Queensland officially opens its first completed large scale wind farm

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Ratch’s 180MW Mt Emerald Wind Farm first in a pipeline of wind farms to be built as Queensland aims for 50 per cent renewables.

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Queensland’s first truly large-scale wind farm – and for a short time the state’s biggest – has been officially opened by developers RATCH-Australia, south west of Cairns.

The 180MW Mt Emerald Wind Farm was formally welcomed to the Sunshine State’s grid on Thursday, as the first of an impressive pipeline that includes the under construction 453MW Cooper’s Gap project.

RATCH-Australia’s executive general manager Anthony Yeats said the company was proud of the “spectacular” 53-turbine wind farm, which first started powering up in August of last year.

“It’s now generating a significant quantity of safe, clean, renewable electricity for North Queensland,” Yates said.

“We’re thrilled with the way local people have embraced the wind farm and look forward to the project contributing to Queensland’s energy transition for many years to come.”

As we reported here, the $400 million wind farm had a rocky road to approval, before finally getting the green light from the notoriously anti-wind Coalition federal government in November 2015, marking a change in sentiment in the national market and the arrival of large-scale wind energy in Queensland.

Before then, Mount Emerald had come up against significant local opposition, and in June 2014, then Deputy Premier Jeff Seeney called in its development application, taking responsibility for approval away from the Mareeba Shire Council.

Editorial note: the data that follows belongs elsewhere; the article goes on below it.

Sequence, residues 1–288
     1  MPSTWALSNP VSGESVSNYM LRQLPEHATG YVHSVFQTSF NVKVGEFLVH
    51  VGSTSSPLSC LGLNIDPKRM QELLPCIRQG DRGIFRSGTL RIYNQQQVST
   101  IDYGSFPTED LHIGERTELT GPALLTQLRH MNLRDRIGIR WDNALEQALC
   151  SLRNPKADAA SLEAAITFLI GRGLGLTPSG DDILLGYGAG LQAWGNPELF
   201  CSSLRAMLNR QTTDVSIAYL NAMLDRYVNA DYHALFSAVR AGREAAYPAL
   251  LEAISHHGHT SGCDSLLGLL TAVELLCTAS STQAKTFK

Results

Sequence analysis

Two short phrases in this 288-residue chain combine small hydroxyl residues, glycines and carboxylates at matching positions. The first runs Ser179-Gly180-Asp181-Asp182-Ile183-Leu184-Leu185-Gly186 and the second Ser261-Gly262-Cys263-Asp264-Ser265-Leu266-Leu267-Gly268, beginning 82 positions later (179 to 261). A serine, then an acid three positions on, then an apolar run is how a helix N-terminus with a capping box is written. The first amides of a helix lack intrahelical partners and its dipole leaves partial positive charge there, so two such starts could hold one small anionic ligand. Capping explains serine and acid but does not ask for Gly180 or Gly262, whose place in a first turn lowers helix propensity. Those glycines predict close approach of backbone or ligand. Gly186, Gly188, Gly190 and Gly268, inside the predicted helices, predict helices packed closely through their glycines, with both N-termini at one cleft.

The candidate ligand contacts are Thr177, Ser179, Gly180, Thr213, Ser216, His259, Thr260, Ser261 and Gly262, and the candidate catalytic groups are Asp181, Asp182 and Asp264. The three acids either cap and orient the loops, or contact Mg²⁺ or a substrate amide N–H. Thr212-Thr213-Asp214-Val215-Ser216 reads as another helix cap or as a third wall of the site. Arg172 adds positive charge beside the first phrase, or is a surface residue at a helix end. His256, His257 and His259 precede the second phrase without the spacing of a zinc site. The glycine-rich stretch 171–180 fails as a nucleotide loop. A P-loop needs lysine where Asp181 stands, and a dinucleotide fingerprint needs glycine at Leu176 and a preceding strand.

Once approved, the project sealed a power purchase agreement in 2016 with regional utility Ergon to buy all its output until 2030, to help the network and energy retailer meet its renewable energy targets.

Financial close followed soon after, with finance from ANZ, NAB, Societe Generale and the Mitsubishi UFJ Financial Group (MUFJ).

In comments at the Thursday launch, Queensland Premier Annastacia Palaszczuk said the Mt Emerald Wind Farm, located near the town of Mareebra, was part of a renewable energy boom happening in the state.

“Queensland has more than 2400 megawatts of large‑scale renewable energy capacity operating already. Almost 900MW more of large-scale renewable capacity is currently financially committed or under construction,” she said. Most of that 2,400MW is large scale solar.

“Together, these projects represent more than $5 billion in capital investment and more than 4500 constructions jobs in regional Queensland.

“The Mt Emerald Wind Farm will supply 500 million kilowatt-hours of renewable electricity every year, which is enough to power 80,000 homes a year, the equivalent to supplying about one third of the Far North’s energy needs.

“Construction has also boosted the local economy with around $66 million of direct investment into the Far North, about 200 positions filled by local workers and 20 businesses in the region winning contracts.”

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